Their Finest Hour

A lot of my friends, you know, they grew up without their Dads around, or they got sat down one day in the living room for that 'your father isn't going to be living here anymore but it's not your fault' conversation.

I always envied those kids.

I mean, I know they say having a father figure is important to childhood development or whatever, but fuck if I wouldn't have been better off if Bruce had been somewhere else that whole time.

I remember the day Bruce got drunk and threw the bottle at Mom, and I remember running at him shoulder-first like he was one of those rigs football linemen practice with. I remember the look on his doughy, sweaty, red face.

Bruce must have figured he had a choice: just go, or beat down his wife's kid. I chased the car two miles, making sure he stayed gone.

SF Drabble #465 "Atmosphere"

Hraff stepped out into the air and spread his wingtips wide, leaned into a slow bank down and away, painted ever-widening imaginary circles across the mesa below during a leisurely descent from the aerie.

"He's healing well," observed Jorge.

"He's still not sure of himself," Perry answered, worry in her voice. "He used to dive  almost the whole way straight down before pulling out of it, and now... now it's like he's afraid he might shear his wings off."

"You're wrong," Jorge said. "You're projecting."

"I'm not—"

"Look at him. Watch him. He's just enjoying being in the sky again."

Zombie Drabble #431 "Family Trip"

Dad had to work Sunday, never made it home, never called, we just never saw him again.

Mom packed up the car, tossed us in the backseat without worrying about our seatbelts for once, and wouldn't answer any questions about what was happening or where we were going. Mommy needs quiet right now, really quiet, all right?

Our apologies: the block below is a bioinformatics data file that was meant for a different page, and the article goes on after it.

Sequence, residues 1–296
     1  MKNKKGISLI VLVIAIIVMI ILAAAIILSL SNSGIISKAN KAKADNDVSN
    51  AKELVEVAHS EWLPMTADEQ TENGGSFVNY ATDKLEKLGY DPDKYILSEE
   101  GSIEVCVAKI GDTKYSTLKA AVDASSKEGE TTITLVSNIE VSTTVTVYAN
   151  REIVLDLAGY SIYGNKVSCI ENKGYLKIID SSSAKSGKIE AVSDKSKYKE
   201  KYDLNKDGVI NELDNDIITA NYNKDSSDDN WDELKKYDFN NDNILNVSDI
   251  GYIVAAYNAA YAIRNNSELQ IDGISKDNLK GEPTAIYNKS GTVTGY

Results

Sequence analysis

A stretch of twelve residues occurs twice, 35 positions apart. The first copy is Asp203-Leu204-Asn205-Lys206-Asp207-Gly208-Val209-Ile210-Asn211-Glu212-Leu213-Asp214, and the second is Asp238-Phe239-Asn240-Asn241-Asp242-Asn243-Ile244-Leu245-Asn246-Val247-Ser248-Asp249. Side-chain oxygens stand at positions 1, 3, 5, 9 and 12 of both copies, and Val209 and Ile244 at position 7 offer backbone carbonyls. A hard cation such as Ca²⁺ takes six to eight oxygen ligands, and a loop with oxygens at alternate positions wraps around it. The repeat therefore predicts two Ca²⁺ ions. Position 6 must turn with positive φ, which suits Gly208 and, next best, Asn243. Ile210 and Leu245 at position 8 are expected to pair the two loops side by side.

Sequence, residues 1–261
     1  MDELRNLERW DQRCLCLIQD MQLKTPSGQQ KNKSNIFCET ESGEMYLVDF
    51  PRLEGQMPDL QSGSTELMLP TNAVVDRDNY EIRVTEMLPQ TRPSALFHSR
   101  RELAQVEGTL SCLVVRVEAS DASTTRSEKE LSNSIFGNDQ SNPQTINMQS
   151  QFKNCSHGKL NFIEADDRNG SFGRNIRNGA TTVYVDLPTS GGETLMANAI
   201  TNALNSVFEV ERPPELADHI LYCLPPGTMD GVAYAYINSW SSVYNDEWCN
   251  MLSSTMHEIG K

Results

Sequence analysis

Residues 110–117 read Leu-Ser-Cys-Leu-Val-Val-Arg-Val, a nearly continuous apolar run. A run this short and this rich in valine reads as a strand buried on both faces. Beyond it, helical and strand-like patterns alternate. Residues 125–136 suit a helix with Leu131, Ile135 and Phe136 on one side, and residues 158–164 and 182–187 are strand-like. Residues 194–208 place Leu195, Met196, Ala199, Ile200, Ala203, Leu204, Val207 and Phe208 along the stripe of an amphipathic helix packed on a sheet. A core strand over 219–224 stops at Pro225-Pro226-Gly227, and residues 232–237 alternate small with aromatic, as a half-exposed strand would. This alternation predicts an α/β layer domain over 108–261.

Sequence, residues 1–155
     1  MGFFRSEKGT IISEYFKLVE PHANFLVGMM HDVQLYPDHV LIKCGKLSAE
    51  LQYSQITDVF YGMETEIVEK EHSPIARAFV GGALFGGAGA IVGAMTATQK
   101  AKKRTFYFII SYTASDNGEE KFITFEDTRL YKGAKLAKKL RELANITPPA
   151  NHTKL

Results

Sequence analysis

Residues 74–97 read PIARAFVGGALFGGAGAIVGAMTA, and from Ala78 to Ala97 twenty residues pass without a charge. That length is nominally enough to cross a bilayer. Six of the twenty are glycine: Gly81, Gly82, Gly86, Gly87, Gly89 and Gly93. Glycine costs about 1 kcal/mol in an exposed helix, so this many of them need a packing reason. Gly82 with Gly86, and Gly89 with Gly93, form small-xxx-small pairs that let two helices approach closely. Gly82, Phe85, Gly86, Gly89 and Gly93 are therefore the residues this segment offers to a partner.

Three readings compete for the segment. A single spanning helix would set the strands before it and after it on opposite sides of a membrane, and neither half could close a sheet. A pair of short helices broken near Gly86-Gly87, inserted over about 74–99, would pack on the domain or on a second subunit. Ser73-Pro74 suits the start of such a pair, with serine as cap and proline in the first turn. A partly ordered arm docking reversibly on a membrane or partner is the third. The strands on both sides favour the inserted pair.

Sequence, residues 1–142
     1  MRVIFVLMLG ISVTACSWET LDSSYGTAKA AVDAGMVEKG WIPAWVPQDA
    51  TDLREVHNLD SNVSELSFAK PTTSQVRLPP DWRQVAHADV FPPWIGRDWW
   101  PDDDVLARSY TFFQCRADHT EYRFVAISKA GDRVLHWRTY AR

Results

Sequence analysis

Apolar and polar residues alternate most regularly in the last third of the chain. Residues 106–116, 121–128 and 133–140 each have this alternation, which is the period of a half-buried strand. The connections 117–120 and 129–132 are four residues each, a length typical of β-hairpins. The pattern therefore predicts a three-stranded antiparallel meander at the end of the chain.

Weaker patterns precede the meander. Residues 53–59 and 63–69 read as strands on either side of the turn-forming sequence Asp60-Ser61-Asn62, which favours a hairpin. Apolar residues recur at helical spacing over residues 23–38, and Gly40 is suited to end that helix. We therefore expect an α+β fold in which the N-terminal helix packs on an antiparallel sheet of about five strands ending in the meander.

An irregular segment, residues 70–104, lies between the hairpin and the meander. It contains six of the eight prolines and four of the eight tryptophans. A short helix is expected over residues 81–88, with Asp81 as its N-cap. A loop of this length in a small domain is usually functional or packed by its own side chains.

She drove fast, and we recognized the way to grandma and grandpa's house, but we didn't get off the highway, we just kept going. I was half asleep when my brother, face pressed against the window, whispered, "I think that's a for-real zombie."

SF Drabble #464 "Virgin Mary Apoapsis"

"Rockets are boys' business." My mother was succinct and matter-of-fact about her assumptions, and steered me towards more suitable endeavors. She confiscated my Time with Armstrong and Aldrin and Collins on the cover, she rooted out the Bradbury from my bookshelf, she replaced my astronaut action figure with a plastic Barbie bust for practicing makeup and hair.

But Nana, she didn't see the problem. Nana's house was flowers and plastic couch-covers and religious icons, but when I was over for the weekend it turned into the launch pad at Kennedy.

She's down there, somewhere, right now, on that blue ball.